All posts filed under: Reviews – Poetry

Review of E. Alex Pierce’s “To float, to drown, to close up, to open.”

by Joan Shillington To float, to drown, to close up, to openE. Alex PierceUniversity of Alberta Press (2020)ISBN 978-1-77212-453-8 In the last poem of her second collection of poetry, Nova Scotian E. Alex Pierce writes: …Whatdrives the heart – to view a life lived backwards, unspooling. (Page 71) which is what these well-crafted poems do. Pierce creates movements in the rhythm of the estuary of Sable River, where she grew up, opening, closing up, floating and drowning as consistently as moon directs the tides. The musicality of Beethoven and Bach symphony in the background throughout. She draws her reader inside her poetry as she drew herself Inside the music now, shebegins to breathe. The notes carry her. (Page 35) This collection is divided into four sections. The first, To float, to drown, to close up, to open – a throat explores childhood memories of grandparents’ homes, the delicate ecosystem: … soft fragments of rock,each piece worn flat – from shale, from sandstone, from slate,enough mica from granite to make it sparkle – tiny piecesstuck to …

Review of Basma Kavanagh’s “Ruba’iyat for the Time of Apricots”

by Megan Nega Ruba’iyat for the Time of Apricots Basma KavanaghFrontenac House Poetry (2018)ISBN: 978-1-927823-81-1 Basma Kavanagh’s Ruba’iyat for the Time of Apricots is a long-form poem written in earthy quatrains that are woven together with delicate alliterative sound and entrancing imagery. Like streams driven by gravity towards a great body of water, Kavanagh’s narrative quatrains flow together under the weighty contemplation of one ultimate topic—heritage.  Kavanagh’s work nimbly braids three narrative threads—Ahli, Astura, and Ana—through the stanzas. Ahli explores Kavanagh’s Lebanese heritage and family history, Astura binds the oppression of women with environmental crisis, and the third thread, Ana, explores the relationship between poetry, language, and life. The overlaying of story allows Kavanagh to uncover the many histories of her identity.  Ruba’iyat for the Time of Apricots is a poem enchanted by the science and mystery of creation. Notice how effortlessly Kavanagh blurs the line between the creation of human life and the crafting of a poem: An embryo grows cell by cell, a poem word by word –kalima bi kalima. From a kernel, …

Review of Conrad Scott’s “Waterline Immersion”

by John Wall Barger  Waterline Immersion by Conrad ScottFrontenac House (2019) ISBN 9781927823972 In Waterline Immersion, Conrad Scott enacts the birth of the world using language that shifts tectonically under our feet—histo-geographic, anthropological, geological, mythic, personal—telling every story, all narratives, via Egypt (Horus), Norway (Odin), Iceland (Poetic Edda), and his own genealogy via Denmark, Ireland, France, Scotland. Yes, this book is ambitious. It’s also riveting.  Canadian geology is the central focus. Scott figuratively excavates Kamloops and Acadia and Glacial Lake Thompson—always seeking the heart of the place, keeping history, and “the long view of time” (33) in mind. “We all,” he says, “journey back to the glacier” (30). At times the mythic language of Waterline Immersion echoes Seamus Heaney’s North “leathery old stench of the bog,” (16) and Charles Olson’s Maximus Poems “All memory now / hunches / in glaciers of the mind / as we speak ourselves / into thawing,” (31). Scott’s mentor Don McKay—the book Strike/Slip in particular—was an inspiration.  Scott balances mytho-geological deep-dives with sobering reminders of climate change “Fossil elixirs consumed, / …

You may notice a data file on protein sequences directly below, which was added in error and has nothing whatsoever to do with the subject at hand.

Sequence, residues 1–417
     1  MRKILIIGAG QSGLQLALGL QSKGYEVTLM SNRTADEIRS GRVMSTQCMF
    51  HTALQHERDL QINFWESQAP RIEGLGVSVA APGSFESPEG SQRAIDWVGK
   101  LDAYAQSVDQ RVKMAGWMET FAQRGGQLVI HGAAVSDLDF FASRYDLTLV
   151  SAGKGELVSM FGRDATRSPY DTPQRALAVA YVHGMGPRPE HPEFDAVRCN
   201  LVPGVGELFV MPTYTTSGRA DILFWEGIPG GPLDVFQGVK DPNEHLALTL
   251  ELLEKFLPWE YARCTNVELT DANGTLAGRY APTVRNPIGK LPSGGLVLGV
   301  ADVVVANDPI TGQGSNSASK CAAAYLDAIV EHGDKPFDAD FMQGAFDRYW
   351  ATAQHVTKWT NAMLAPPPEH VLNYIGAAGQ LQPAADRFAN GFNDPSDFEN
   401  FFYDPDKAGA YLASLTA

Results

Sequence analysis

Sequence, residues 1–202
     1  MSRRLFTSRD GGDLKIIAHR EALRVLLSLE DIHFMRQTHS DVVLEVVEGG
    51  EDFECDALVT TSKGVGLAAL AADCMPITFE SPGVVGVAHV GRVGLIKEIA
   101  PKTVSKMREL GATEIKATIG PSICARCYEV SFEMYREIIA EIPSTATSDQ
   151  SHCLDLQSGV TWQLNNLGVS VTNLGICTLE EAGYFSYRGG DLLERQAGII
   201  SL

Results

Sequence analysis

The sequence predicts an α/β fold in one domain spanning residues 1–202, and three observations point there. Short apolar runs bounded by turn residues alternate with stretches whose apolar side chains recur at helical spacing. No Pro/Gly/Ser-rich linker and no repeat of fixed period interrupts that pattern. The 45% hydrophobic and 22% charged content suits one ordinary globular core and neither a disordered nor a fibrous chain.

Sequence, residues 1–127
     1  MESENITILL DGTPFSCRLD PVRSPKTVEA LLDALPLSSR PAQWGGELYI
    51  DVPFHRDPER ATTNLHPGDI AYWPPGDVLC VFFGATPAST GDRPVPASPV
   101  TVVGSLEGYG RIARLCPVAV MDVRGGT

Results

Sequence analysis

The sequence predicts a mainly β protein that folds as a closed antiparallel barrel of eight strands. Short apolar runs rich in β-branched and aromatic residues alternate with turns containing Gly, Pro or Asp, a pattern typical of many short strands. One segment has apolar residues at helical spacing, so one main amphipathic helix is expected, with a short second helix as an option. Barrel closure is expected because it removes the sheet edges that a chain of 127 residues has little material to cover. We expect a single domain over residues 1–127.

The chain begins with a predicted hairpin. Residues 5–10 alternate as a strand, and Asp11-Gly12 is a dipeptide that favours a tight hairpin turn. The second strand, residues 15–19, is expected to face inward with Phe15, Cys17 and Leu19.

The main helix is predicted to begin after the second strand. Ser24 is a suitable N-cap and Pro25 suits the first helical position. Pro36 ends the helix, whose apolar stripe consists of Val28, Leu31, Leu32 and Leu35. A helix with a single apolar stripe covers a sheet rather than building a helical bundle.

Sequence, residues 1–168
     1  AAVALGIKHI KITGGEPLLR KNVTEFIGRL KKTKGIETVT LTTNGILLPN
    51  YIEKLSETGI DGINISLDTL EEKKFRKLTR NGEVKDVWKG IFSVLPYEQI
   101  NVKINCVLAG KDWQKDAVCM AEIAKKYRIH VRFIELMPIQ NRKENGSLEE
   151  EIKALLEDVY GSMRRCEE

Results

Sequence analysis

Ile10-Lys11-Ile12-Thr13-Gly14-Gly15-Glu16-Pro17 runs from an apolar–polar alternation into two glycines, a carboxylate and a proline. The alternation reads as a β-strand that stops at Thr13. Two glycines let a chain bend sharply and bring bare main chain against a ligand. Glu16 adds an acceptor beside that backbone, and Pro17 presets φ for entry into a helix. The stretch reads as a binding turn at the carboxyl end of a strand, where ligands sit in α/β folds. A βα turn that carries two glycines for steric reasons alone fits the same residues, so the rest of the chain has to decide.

Review of Sharanpal Ruprai’s “Pressure Cooker Love Bomb”

by Nikki Reimer  Pressure Cooker Love Bomb by Sharanpal RupraiFrontenac House (2019) ISBN 978-1-92782-383-5  Sex, love and food: the lyricism  The Instant Pot is all the rage right now, but what, exactly, is a ‘Pressure Cooker Love Bomb’?  Sharanpal Ruprai’s second book of poetry, Pressure Cooker Love Bomb, holds the answers. A lyrical, poetic dive into family expectations, arranged marriage, queer love, interracial relationships, and yes, cooking, it explores all the ways that a twenty-first century Sikh woman might find love on the prairies, might keep warm, might keep alive, and might write her own happy ending.  From the gentle epigraph, “create love,” (front-matter) to the final exhortative demand, “#lovemenow,” (75) Ruprai approaches her subjects with unflinching emotional honesty and great care.  Her minimalist word choices belie the impact of precisely chosen words. One rule for cooking offers “take up your rolling pin, yes / the one your mother beat you with” (13). Whole narratives waft out from those words; the weight of love, the weight of trauma. How the same object can be used to …

Review of Laura Zacharin’s “Common Brown House Moths”

by Beth Everest Common Brown House Mothsby Laura Zacharin Frontenac House (2019) ISBN: 9781927823989 Common Brown House Moths by Laura Zacharin is anything but common. Already the first line, of the first poem, tantalizes my senses. The poet’s word choice and use of image are stellar. “Amygdala” is compared to “golf ball innards;” and then, the evocative “loop after loop of rubber strand stretched” (7) becomes the interconnected imagery of loss and memory and grief and sorrow that link one poem to the next and the next. Take the final image of the first poem, for example: “newspapers flapping in a tree” is not only a strong visual in its own right, but it serves as metaphor for small glimpses in different lives, and links to the second poem with “glancing up from his paper, spread out / when she tried to explain how nerve fibres/branch” (8). We find echoes of the newspaper, plus other kinds of papers, such as in “Shadow Twin” (35), we have the character complement to Rosie; and in “A Beginner’s …